|Have you ever seen a horse that was as well-trained as a dog? Today during our visit to the Cluny Equestrian Center, we met two horses that could sit, kneel, shake hands, spin around on two legs, lay down, and even roll over!
But, what do horses have to do with wine or cheese? Well, such astutely trained horses can be used to plow vineyards in between rows of vines. Plowing with horses limits physical damage done to the grapes and vines. If a large piece of agricultural machinery accidentally knocked over vines, it would take years for replanted vines to produce grapes and their quality would not be the same. Additionally, these horses are part of the “patrimoine” or heritage of Cluny.
|After class and our visit to the Cluny Equestrian Center, a few of my new friends and I worked on our assignments on a picnic blanket on the lawn outside of our hostel. Naturally, as part of our studies, we shared a bottle of wine from Alice’s shop!|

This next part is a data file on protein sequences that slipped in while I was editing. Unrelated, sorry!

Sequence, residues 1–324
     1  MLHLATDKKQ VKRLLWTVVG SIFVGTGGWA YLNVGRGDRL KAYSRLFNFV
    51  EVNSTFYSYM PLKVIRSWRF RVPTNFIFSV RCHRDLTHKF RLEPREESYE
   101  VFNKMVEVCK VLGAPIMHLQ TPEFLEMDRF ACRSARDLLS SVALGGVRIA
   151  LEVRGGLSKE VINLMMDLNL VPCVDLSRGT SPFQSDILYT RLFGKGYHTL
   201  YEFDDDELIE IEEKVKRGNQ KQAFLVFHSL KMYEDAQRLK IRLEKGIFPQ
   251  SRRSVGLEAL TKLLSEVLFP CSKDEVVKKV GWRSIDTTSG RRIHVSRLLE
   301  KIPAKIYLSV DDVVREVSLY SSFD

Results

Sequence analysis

||Because studying soon made us hungry (not a big surprise when you’re writing a paper about French cheese), my friends and I headed out for dinner in town. Although it’s kind of difficult to have a bad meal in France, tonight’s culinary adventures were particularly amazing! At the Cafe du Centre, I ordered a dish that I had jealously been eye-ing during our last visit to this restaurant: trois oeufs en meurette. I blissfully gobbled up the three poached eggs, dipping the fresh bread in the savory wine sauce. So good. We followed dinner with some yummy; I love trying exotic new flavors so I opted for violet and black currant!
#FoodSciOrDie Fun Fact: Black currant is a berry bush that is typically planted in wine country on terrains that are not ideal for grape vines. Red wines are often described as having notes of black currant, most likely due to cross pollination between the neighboring plants.
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